This is a new one that I have not seen before. Google’s own map results are ranking in the top 10 search results for a search query.
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Source: Manuela Zadig Maurel on Twitter
Selling something online? Consider this:
“Form follows function” is a term most frequently heard in architecture, but it applies to your e-commerce website as well.
From the title at the top of the page to the related-item links usually found at the bottom, the info that your pages include matters for SEO and conversions.
And don’t forget to make your pages mobile-friendly, and ensure they load quickly, the infographic also points out.
Kamkash Digital Marketing has an excellent interview article with my ‘semantic search hero’ David Amerland…
David Amerland, a chemical engineer turned semantic search and SEO expert, is a famed author, speaker and business journalist. He has been instrumental in helping startups as well as multinational brands like Microsoft, Johnson & Johnson, BOSCH, etc. create their SMM and SEO strategies. Davis writes for high-profile magazines and media organisations such as Forbes, Social Media Today, Imassera and journalism.co.uk. He is also part of the faculty in Rutgers University, and is a strategic advisor for Darebee.com.
As an author, David Amerland has written 9 books around SEO and SMM. He is the author of a bestselling book titled “Google Semantic Search” which highlights the importance of semantic search and how technology with machine intelligence can do far better than humans in making search more user friendly.
David is the founder of DavidAmerland.com, a repository of articles on SEO and semantic search, SMM and business. He is also the founder of consulting firm named HMS Media that specialises in content development and semantic search.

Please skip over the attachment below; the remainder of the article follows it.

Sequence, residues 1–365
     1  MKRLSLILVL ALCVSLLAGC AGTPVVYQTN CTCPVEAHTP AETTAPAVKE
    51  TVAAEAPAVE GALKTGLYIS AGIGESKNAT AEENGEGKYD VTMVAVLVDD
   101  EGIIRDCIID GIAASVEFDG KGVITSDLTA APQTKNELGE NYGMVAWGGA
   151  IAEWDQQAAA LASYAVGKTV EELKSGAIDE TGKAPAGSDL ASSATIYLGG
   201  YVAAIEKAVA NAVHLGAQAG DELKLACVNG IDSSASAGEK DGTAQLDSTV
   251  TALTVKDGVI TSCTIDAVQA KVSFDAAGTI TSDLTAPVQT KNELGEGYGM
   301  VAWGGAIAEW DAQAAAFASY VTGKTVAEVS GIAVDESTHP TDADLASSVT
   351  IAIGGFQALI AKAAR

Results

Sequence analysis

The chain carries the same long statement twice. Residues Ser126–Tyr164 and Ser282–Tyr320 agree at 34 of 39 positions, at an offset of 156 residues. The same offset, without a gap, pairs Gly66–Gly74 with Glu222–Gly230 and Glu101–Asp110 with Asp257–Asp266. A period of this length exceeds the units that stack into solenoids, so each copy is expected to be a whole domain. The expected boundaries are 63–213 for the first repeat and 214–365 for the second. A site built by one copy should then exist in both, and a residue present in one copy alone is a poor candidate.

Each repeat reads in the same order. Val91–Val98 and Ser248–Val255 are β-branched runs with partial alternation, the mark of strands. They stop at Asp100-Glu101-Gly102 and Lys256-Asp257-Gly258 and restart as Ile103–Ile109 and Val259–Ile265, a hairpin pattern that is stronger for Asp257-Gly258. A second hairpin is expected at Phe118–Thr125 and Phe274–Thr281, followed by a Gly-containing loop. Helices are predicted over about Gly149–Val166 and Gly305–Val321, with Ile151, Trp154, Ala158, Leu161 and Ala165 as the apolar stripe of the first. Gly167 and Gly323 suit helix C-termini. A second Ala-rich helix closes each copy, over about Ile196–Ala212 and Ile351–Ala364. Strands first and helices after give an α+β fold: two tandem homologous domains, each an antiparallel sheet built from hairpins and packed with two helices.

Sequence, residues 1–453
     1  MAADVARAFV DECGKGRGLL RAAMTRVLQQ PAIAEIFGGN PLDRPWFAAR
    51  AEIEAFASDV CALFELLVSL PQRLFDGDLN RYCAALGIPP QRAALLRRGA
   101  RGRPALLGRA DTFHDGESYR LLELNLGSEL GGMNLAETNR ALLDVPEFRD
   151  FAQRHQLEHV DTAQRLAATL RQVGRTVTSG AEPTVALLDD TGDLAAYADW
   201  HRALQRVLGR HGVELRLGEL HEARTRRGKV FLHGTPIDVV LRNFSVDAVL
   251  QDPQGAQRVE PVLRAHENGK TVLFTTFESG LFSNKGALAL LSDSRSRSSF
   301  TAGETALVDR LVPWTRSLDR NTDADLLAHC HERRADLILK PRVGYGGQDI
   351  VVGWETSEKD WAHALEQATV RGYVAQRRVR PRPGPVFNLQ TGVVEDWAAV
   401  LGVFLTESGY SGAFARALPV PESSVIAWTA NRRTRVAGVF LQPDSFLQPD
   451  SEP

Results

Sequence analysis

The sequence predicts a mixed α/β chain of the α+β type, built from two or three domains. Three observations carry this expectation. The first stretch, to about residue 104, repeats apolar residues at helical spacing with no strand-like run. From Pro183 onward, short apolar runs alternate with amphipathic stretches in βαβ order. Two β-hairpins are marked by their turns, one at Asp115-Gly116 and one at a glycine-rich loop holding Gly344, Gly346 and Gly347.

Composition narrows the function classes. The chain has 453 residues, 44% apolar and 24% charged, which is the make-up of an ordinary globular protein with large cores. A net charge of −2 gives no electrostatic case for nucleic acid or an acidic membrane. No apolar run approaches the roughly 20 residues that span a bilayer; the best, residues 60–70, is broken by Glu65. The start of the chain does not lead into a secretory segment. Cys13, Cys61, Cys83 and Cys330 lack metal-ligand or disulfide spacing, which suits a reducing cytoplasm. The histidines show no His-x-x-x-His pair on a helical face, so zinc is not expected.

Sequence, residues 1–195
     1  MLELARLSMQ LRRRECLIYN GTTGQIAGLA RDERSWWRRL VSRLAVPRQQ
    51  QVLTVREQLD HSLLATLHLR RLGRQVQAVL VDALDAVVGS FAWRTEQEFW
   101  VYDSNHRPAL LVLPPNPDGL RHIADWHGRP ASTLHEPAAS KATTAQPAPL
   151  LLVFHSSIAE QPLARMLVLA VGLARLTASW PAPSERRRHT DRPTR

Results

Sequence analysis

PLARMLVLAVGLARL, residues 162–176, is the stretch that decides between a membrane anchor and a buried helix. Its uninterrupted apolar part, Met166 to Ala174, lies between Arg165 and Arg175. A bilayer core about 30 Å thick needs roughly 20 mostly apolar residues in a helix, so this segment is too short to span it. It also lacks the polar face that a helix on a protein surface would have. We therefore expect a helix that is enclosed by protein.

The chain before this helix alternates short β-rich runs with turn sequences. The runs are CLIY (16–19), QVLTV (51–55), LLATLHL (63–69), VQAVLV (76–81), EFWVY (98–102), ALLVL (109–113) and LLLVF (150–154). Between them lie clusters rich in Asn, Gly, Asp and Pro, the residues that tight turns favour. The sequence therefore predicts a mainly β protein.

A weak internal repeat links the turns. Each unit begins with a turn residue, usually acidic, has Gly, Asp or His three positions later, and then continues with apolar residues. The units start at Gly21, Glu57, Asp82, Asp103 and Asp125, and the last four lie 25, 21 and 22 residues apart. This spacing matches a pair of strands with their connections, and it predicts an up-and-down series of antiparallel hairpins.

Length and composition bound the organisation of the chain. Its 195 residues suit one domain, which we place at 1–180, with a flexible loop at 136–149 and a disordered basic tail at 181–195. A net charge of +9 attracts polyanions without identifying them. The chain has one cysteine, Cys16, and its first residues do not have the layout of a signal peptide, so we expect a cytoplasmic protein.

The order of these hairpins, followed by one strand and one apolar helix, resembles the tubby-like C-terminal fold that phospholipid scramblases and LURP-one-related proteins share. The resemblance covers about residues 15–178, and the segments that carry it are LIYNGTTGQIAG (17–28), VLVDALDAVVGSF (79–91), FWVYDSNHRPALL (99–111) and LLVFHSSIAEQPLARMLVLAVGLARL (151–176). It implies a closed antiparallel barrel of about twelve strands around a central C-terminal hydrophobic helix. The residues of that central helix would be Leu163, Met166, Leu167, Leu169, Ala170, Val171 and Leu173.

Below is an exclusive video interview that Kamkash did with David Amerland, in which he explains semantic search in layman’s terms, and how it is impacting the future of search and SEO.
Go to the source for more: Interview With Semantic Search and SEO Expert David Amerland – Kamkash Digital Marketing
Here’s a sample of what you’ll find there:
If you liked this, you’ll love the other videos and you might even want to check out the books he’s written as well…
Irfan Ahmad shares this useful information about longtail keywords and why they are necessary:
There are short-tail (broad) and long-tail (narrow) keywords. Short-tail keywords are broad but short terms your customers would use to find you. For instance, if you operate a plumbing business a short-tail keyword might be “plumber” or “Tampa plumber” adding in location to direct search traffic a little more efficiently.
The problem with short-tail keywords is that they can be highly competitive depending on your field. For instance, a home designer may be competing with large-scale operations like Houzz and other sites that have much larger paid search budgets. You will, most likely, never outrank them.
That’s one of the reasons why long-tail keywords have become so important. Long-tail keywords allow businesses to rank for the language and phrases people are using in a search. To be considered a long-tail keyword, the phrase is generally over three words. Long-tail is more targeted than short-tail and addresses what people are looking for. Long-tail keywords often get at a problem. For instance:
Short-tail keyword: Tampa plumber
Long-tail keyword: solutions for clogged pipes
In this example, the searcher will find pages and pages of Tampa plumbers. It may even pull up plumbing supplies or other key terms that have a business overlap. You’ll find a big name, national plumbing franchises, as well as national companies who work with plumbers like Angie’s List, Yelp, and the Better Business Bureau. The list can be overwhelming for some users, and so they are apt to select the first couple on the list. If your search engine optimization hasn’t placed you there, you’re out of luck…
Go to the source for more: Long-Tail Keywords: What They Are and Why You Need to Use Them (SEO Tips)